Enjoy the video!

Get a Job, Container: A Serverless Workflow with Iron.io

This post originally appeared on DZone

My previous post, Distinguished Microservices: It’s in the Behavior, made a comparison between two types of microservices – real-time requests (“app-centric”) and background processes (“job-centric”). As a follow up, I wanted to take a deeper look at job-centric microservices as they set the stage for a new development paradigm — serverless computing.

Of course, this doesn’t mean we’re getting rid of the data center in any form or fashion — it simply means that we’re entering a world where developers never have to think about provisioning or managing infrastructure resources to power workloads at any scale. This is done by decoupling backend jobs as independent microservices that run through an automated workflow when a predetermined event occurs. For the developer, it’s a serverless experience.

Continue reading “Get a Job, Container: A Serverless Workflow with Iron.io”

Distinguished Microservices: It’s in the Behavior

This post originally appeared on DZone

Microservices is more than just an academic topic. It was born out of the challenges from running distributed applications at scale; enabled by recent advancements in cloud native technologies. What started as a hot topic between developers, operators, and architects alike, is now catching on within the enterprise because of what the shift in culture promises — the ability to deliver software quickly, effectively, and continuously. In today’s fast-paced and ever-changing landscape, that is more than just desirable; it’s required to stay competitive.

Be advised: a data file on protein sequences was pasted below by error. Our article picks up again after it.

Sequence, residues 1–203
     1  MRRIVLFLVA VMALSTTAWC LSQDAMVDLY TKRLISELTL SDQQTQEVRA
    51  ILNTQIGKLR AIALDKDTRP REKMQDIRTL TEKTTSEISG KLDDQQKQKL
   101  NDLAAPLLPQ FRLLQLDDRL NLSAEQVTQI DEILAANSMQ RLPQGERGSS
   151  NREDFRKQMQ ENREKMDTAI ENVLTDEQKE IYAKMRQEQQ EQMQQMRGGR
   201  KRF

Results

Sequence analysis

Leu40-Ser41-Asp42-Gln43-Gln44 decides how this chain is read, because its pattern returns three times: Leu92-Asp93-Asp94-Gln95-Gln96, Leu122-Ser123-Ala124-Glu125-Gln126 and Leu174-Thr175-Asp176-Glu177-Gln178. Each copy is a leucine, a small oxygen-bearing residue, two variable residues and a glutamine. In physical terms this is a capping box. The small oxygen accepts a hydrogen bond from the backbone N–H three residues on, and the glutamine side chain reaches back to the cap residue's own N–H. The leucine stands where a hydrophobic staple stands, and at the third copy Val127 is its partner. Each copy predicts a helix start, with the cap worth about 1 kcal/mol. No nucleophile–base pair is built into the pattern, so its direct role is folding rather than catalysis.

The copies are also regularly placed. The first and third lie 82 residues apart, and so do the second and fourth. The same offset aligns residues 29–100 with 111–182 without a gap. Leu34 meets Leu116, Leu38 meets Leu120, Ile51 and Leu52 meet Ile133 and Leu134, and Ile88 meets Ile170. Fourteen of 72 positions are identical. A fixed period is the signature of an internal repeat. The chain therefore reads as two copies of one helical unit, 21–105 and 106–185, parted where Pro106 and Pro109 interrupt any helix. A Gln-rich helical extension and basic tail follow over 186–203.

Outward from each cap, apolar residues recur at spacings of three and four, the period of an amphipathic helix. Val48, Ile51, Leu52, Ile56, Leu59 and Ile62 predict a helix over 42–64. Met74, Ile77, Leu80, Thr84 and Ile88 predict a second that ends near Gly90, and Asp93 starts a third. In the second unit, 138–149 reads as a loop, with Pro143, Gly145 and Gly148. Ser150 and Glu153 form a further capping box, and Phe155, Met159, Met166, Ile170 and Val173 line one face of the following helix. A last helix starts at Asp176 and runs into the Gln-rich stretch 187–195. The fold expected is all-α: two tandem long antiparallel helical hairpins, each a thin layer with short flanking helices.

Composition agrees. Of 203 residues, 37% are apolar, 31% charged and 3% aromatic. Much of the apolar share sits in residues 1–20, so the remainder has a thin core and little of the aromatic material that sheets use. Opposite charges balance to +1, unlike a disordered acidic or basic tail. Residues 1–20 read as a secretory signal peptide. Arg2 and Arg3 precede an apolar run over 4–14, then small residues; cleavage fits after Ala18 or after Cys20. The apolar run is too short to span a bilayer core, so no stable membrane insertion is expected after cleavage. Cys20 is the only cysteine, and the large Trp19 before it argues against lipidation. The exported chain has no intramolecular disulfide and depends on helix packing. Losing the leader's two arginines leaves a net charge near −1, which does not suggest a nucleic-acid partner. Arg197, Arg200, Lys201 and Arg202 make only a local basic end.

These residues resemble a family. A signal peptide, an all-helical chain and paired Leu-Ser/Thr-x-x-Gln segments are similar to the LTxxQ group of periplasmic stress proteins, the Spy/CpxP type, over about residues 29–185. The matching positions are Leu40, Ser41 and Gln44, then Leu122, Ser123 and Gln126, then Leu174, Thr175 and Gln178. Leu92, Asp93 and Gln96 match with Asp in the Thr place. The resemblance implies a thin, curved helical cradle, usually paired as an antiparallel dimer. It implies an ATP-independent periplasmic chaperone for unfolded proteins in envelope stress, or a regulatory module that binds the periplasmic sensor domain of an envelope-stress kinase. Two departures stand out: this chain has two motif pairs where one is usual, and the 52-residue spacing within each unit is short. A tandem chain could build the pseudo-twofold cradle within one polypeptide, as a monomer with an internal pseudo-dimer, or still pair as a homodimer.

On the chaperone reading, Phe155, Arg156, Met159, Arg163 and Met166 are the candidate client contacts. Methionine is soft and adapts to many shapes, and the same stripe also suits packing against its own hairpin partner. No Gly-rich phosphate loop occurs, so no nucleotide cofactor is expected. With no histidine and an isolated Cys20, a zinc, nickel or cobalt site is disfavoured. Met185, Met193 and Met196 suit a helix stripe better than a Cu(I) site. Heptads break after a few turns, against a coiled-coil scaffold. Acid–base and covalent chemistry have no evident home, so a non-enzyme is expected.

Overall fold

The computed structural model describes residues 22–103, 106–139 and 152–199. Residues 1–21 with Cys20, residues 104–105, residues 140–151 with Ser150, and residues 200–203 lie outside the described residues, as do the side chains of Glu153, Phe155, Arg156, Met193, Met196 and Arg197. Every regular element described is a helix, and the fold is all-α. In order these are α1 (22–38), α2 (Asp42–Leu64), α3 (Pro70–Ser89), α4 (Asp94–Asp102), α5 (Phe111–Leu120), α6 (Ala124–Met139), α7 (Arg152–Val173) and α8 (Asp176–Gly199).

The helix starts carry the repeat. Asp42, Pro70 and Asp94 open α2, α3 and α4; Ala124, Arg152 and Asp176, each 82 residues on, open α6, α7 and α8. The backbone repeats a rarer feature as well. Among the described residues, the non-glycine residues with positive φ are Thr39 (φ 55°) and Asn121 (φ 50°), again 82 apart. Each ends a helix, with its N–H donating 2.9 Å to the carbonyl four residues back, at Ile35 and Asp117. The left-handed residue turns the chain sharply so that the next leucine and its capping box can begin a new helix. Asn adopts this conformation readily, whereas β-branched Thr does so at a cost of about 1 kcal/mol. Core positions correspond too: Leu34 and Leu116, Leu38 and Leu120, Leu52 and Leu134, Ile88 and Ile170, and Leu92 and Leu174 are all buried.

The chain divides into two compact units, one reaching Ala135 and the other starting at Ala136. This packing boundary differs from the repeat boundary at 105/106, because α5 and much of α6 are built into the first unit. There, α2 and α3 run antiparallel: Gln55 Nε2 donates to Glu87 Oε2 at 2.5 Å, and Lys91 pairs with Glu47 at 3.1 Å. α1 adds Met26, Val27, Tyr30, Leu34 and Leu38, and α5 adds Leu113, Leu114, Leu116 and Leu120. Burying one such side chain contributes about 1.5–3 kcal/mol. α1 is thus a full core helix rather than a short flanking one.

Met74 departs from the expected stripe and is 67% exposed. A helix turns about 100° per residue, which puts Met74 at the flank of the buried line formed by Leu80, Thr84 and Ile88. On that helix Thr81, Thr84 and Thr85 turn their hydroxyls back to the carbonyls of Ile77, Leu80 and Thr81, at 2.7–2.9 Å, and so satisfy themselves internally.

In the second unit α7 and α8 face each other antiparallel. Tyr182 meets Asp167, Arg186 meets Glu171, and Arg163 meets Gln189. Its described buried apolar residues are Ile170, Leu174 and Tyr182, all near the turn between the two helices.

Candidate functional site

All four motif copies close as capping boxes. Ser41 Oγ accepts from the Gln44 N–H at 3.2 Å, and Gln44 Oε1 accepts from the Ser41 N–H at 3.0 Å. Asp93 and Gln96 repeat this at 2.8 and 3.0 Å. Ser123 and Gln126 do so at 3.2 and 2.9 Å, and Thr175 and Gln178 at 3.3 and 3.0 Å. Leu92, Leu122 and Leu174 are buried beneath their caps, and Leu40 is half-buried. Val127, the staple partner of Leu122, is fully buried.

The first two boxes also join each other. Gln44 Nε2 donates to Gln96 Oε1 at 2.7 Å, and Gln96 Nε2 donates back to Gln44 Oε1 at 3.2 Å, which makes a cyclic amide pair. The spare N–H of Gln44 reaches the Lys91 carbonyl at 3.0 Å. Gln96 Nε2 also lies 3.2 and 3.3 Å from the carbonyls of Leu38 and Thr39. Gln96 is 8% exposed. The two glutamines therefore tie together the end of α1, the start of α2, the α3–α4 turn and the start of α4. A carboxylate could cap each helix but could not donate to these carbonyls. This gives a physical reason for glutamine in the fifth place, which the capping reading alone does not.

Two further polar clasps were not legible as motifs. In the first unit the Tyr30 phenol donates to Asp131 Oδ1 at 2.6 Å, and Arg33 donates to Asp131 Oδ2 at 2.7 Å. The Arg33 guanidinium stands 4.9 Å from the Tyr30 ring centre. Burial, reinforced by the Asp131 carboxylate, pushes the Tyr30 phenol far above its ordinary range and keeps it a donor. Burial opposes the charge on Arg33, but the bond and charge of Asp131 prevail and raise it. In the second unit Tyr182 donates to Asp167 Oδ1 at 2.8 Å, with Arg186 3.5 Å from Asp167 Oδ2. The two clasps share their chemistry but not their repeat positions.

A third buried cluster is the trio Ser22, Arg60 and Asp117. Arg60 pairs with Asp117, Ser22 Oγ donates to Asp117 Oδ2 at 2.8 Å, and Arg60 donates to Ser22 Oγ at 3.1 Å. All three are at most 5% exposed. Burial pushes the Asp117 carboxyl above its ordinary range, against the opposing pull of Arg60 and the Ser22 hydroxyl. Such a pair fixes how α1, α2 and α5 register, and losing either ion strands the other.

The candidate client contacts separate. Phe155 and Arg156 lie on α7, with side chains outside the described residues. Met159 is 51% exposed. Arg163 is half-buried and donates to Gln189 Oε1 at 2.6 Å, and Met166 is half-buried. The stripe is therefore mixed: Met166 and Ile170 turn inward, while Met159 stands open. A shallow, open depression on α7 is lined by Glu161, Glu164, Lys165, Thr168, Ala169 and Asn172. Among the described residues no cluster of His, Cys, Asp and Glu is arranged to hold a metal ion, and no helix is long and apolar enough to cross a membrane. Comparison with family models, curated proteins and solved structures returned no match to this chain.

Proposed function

Culture shifts alone are not enough to make a real impact, so organizations embarking down this path must also examine what it actually means for the inner workings of their processes and systems. Dealing with immutable infrastructure and composable services at scale means investing in operational changes. While containers and their surrounding tools provide the building blocks through an independent, portable, and consistent workflow and runtime, there’s more to it than simply “build, ship, run.”

Continue reading “Distinguished Microservices: It’s in the Behavior”

The Next Frontier: Learning Microservices in the Classroom

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As a Customer Success engineer here at Iron.io, I’ve been fortunate enough to see people using Iron.io in ways I never thought about. It’s actually one of my favorite parts of my job.

Recently, I was chatting with a customer who mentioned his students were using Iron.io in their final project. This peeked my interest, so I interviewed Soumya Ray, an associate professor at National Tsing Hua University in Taiwan, about his experience. Professor Ray’s  Service Oriented Architecture class is an 18 week course that takes students from idea creation to final product. And, as a cherry on top, the class has students create the building blocks of their own startup with zero dollars spent. Continue reading “The Next Frontier: Learning Microservices in the Classroom”